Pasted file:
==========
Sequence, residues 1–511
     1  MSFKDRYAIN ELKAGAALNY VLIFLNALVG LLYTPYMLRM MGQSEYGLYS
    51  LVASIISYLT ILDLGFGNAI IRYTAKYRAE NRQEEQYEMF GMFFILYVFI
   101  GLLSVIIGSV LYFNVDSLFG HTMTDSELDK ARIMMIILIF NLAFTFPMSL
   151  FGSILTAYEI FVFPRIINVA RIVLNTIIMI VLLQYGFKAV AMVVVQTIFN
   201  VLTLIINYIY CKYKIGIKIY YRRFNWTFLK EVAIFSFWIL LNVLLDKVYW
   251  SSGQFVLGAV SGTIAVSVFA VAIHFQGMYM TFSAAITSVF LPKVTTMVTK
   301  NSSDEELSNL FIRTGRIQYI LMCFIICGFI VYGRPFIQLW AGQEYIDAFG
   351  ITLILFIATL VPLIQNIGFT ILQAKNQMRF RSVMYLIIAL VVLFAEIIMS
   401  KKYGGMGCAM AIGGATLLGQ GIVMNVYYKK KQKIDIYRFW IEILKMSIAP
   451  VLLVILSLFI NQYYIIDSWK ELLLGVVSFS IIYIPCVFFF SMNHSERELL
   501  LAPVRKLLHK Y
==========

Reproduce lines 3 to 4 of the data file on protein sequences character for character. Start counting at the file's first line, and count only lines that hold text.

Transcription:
    51  LVASIISYLT ILDLGFGNAI IRYTAKYRAE NRQEEQYEMF GMFFILYVFI
   101  GLLSVIIGSV LYFNVDSLFG HTMTDSELDK ARIMMIILIF NLAFTFPMSL